What started as a vacation for K.J. Wright became an eye-opening experience for the Seahawks linebacker.
Wright, along with former teammates Byron Maxwell, Malcolm Smith and Mike Morgan, went on a trip this offseason to Kenya, Tanzania and the United Arab Emirates looking to experience different cultures, go on a safari and have a good time. But while in Kenya, Wright also realized there was an opportunity to make a difference in the lives of some of the children he met in Kenya.
"I went there this offseason and had an amazing time," Wright said. "I loved it. When I was there, I noticed this young girl had dirty brown water. So, I just wanted to help this community. The young ladies have to walk many miles twice a day just to bring back water, and when they do get the water, it's not even clean. Millions of people suffer from (a lack) of easy access to (water), and I just want to bless this community that blessed me."
To try to help make a difference in Kenya, and in particular for the children of a school they visited in Maasai Mara, Wright is donating $300 for every tackle he records this season, with the money going to construction of what he hopes will be two fresh water wells for the village. Wright originally planned to donate $250 per tackle, but because a knee injury kept him out of six games, he upped the total to make sure the campaign can reach its goal. Wright hopes he and fans willing to participate can raise $50,000 to cover the cost of two wells.
As of Thursday, more than $8,000 had been raised already, $1,500 of it from Wright's five tackles against the Lions and the rest coming from donations. Anyone wishing to add to that total can do so by donating at Wright's Healing Hands International page.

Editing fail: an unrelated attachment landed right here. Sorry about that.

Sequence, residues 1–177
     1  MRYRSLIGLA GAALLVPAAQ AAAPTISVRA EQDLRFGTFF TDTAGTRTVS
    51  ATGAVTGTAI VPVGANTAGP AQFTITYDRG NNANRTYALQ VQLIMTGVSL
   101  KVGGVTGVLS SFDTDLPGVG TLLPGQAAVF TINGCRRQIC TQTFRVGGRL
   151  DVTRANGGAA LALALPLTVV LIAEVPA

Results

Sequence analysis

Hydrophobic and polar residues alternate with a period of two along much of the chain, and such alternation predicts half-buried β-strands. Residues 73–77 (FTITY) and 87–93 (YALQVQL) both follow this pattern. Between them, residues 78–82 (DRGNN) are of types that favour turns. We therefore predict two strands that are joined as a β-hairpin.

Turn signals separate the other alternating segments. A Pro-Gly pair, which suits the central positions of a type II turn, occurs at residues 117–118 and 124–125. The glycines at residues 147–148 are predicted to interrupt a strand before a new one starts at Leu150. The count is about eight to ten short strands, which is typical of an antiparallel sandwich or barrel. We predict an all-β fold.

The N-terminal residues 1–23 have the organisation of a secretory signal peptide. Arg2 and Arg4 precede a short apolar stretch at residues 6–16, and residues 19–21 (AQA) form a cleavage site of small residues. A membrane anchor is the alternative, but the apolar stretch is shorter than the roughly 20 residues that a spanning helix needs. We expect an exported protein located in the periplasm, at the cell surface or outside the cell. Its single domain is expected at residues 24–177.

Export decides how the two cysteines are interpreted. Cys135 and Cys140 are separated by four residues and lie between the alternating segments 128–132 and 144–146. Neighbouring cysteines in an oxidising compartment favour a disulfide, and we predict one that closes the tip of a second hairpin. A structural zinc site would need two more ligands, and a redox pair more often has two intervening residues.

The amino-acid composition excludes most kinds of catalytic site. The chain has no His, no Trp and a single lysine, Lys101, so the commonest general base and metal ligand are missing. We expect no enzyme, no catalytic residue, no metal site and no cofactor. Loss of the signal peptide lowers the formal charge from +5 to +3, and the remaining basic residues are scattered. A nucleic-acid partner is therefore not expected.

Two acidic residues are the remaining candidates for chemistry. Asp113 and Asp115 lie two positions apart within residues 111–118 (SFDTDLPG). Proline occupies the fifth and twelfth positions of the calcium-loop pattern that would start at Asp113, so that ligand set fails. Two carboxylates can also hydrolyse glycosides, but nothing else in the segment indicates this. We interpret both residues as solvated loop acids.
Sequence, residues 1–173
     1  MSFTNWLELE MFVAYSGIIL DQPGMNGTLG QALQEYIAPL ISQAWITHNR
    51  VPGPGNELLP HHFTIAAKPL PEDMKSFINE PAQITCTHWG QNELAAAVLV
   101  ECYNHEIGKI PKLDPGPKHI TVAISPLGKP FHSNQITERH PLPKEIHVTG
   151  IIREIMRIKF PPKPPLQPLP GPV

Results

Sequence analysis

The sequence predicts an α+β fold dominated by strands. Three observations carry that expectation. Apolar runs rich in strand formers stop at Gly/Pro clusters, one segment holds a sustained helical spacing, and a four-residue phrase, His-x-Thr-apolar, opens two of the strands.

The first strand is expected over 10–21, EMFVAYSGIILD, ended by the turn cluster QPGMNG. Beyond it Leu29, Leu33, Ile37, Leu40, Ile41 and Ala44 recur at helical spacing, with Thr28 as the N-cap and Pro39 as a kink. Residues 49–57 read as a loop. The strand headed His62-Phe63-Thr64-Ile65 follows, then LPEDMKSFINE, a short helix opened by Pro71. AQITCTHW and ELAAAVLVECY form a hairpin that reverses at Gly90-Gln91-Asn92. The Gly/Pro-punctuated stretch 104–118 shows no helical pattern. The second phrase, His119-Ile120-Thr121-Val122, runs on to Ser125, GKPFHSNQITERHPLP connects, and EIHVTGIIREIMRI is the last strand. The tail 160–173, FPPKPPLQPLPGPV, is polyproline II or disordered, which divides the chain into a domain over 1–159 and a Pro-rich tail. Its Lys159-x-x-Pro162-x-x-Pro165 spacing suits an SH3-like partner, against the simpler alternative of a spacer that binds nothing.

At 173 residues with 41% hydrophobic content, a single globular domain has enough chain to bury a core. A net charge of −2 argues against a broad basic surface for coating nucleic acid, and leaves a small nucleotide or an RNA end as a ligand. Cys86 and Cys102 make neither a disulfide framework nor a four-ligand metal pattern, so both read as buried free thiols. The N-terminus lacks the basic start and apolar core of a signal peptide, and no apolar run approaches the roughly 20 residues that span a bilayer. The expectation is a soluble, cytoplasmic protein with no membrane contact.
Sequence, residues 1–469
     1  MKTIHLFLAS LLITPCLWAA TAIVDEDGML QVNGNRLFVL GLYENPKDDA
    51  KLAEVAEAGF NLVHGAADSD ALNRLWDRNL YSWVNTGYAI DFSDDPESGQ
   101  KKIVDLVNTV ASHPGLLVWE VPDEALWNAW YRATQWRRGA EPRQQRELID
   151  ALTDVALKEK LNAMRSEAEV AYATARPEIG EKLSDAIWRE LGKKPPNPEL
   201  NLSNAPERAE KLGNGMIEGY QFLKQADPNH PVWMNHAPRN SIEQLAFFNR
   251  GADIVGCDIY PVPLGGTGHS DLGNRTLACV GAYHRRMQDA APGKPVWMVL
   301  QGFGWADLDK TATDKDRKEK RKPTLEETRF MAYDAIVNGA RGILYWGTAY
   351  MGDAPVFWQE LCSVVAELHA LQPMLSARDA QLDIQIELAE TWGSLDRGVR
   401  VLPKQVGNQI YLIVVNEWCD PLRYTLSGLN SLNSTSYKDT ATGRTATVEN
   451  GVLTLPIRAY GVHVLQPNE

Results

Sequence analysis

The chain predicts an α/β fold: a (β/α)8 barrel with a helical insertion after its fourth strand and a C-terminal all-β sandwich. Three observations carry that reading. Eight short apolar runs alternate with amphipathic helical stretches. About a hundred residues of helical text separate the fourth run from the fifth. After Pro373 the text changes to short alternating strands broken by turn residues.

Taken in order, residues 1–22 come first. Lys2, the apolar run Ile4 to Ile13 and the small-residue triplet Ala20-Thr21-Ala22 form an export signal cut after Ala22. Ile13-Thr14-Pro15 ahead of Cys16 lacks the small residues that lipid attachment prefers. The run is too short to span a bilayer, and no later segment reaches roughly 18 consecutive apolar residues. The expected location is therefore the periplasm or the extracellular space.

"I want to make this a community effort, I want everyone to feel a part of it, I want everybody to feel involved because I think it's a really good thing to just help people in need, so that's something I'm doing," said Wright, who plans to return to Kenya next offseason.
As Wright put it, the goal of his trip to Africa was originally "just to have a good time. I wanted to experience it, I wanted to take a safari, I wanted to go to the ocean."
And Wright did go on a safari and he did have a good time, but while visiting those kids in Kenya, something sparked, as he put it.
"It just touched my heart," Wright said. "Me and the guys talked about it when were out there, we were like, 'Man, I got to do something for this community.'"
While at a dinner with locals, Wright was given a Swahili name that translates to "the one that gives hope."
"I really took that to heart, the one that gives hope," Wright said. "I kind of feel like that's been my purpose my entire life to help people, help people reach their full potential and just to give back, because life is bigger than us, it's bigger than K.J. When I can leave this world a better place, I've done my job, so we've got to make that happen."
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